The single 9.5-kilometer (6-mile) line is slated to start operating its 11 trains on Nov. 1 – the anniversary of the start of the seven-year-long war of independence with France, officials announced Tuesday.
Despite diplomatic tensions that persist between Paris and Algiers, the former colonial ruler will have a big hand in the Algiers Metro. It is to be run by a subsidiary of RATP, the authority of the widely envied Paris Metro, called RATP-Al-Djazair.
Djamel Boumhane, a police official involved in the Metro’s security, said 400 police specially trained in France will be on duty for the system, which is equipped with 244 video cameras and explosives detectors.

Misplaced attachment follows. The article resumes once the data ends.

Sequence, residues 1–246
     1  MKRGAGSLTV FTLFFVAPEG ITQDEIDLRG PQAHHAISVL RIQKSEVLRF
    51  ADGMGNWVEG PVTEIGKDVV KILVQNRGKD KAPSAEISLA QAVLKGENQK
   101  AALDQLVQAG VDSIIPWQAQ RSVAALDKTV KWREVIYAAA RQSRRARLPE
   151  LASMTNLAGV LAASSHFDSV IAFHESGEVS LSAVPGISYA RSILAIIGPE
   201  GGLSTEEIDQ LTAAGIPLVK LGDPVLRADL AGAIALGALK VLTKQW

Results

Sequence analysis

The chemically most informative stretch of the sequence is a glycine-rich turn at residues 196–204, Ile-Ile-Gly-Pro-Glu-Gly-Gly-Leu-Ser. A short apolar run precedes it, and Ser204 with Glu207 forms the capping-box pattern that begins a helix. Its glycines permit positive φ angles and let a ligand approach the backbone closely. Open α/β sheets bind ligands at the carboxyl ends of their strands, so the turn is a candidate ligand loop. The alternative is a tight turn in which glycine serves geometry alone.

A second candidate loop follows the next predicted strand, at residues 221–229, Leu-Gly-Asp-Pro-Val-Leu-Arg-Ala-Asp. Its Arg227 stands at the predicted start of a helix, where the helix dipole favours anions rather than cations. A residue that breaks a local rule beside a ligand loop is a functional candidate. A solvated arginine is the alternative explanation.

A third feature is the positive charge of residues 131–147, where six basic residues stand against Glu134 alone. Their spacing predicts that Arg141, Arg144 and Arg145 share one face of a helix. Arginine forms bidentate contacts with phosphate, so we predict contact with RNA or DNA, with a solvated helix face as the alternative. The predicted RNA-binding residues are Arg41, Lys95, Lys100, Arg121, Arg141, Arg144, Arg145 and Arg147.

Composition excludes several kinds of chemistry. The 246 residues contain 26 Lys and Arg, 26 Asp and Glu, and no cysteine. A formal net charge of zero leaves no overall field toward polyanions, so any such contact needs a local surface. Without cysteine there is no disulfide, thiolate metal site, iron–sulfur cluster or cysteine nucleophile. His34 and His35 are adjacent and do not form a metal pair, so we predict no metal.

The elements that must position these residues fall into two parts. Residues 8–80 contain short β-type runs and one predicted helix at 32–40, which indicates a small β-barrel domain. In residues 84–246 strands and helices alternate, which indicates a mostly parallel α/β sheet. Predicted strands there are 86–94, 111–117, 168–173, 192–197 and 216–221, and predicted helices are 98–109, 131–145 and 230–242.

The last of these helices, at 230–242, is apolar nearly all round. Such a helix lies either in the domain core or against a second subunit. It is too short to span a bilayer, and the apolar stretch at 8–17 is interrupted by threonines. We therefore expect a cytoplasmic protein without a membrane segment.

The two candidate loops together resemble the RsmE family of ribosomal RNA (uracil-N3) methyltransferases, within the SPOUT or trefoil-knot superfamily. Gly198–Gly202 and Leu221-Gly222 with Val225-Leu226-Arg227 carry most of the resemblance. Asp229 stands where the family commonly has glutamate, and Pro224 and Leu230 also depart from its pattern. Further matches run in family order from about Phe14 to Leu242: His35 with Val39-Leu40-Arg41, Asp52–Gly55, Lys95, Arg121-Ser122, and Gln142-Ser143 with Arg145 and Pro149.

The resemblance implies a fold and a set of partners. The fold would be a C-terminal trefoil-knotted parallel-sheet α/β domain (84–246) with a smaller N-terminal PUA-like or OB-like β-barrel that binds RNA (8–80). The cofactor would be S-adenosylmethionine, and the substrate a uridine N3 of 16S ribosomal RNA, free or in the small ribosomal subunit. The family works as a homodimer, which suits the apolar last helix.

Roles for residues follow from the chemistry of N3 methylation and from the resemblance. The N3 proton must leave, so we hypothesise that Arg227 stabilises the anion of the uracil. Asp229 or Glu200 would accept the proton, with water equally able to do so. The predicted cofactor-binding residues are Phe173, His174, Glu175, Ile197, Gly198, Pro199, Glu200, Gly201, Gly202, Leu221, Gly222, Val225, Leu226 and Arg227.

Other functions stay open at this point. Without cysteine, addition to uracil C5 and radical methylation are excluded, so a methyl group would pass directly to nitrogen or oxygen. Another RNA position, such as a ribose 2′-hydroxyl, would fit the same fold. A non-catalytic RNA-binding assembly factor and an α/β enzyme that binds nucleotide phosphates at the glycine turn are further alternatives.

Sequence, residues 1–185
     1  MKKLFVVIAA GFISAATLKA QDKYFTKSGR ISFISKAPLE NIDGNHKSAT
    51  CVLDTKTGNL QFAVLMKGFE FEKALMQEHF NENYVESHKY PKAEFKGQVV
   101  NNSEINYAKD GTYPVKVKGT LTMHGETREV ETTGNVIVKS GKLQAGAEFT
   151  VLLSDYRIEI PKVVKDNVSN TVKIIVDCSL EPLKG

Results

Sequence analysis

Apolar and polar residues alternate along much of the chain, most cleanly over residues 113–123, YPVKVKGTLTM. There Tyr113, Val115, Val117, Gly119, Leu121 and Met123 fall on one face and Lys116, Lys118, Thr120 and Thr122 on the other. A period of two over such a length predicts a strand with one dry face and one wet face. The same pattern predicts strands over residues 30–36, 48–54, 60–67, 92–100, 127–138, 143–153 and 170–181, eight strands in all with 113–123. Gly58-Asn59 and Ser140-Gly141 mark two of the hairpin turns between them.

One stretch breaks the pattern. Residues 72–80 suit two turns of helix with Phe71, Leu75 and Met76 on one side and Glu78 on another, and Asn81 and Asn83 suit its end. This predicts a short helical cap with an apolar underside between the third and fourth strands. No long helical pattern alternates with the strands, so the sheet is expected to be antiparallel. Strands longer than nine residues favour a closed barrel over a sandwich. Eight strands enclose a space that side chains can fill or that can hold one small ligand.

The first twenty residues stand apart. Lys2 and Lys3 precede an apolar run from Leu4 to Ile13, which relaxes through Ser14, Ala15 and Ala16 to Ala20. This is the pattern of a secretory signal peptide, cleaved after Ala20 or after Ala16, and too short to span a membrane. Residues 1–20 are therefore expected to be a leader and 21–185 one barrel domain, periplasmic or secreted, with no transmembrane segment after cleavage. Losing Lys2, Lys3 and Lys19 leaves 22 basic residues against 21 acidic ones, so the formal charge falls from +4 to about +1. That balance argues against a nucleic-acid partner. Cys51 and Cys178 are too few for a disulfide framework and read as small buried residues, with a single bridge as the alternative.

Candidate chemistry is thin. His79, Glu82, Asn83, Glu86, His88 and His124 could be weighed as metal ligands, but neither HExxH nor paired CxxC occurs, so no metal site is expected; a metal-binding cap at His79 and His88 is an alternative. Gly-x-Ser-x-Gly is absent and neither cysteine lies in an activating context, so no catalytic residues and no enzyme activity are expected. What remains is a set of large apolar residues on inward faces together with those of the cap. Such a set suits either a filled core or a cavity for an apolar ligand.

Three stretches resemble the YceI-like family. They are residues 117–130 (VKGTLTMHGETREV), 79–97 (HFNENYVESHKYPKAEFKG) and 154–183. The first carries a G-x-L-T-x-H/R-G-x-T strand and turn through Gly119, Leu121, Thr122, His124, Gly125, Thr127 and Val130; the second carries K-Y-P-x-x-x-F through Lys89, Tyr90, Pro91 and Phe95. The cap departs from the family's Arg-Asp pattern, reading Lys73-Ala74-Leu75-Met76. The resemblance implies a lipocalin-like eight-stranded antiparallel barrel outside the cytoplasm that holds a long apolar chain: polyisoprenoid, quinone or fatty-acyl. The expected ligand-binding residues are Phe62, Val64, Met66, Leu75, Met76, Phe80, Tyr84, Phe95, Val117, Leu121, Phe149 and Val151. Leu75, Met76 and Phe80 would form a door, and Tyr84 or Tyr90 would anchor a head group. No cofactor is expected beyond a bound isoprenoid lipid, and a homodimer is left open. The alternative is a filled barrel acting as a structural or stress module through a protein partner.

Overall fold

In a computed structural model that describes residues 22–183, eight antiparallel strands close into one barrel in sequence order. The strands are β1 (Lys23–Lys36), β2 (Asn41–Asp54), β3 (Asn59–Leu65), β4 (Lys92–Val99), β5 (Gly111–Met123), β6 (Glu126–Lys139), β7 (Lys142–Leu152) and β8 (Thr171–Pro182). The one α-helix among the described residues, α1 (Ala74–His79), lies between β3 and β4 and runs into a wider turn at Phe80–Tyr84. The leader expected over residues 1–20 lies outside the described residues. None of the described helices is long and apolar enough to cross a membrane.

Algeria is on constant alert to head off attacks by al-Qaida-affiliate based in Algeria, al-Qaida in the Islamic Maghreb. However, the capital has been spared such violence for several years.
The Metro, to operate from 5 a.m. to 11 p.m., is expected to transport some 25,000 people per hour each way during high traffic hours.
A Metro entrance has long greeted passersby in the crowded center of Algiers, but the Metro itself was a phantom. Bureaucracy and then a deadly Islamist insurgency put the project on hold – for three decades.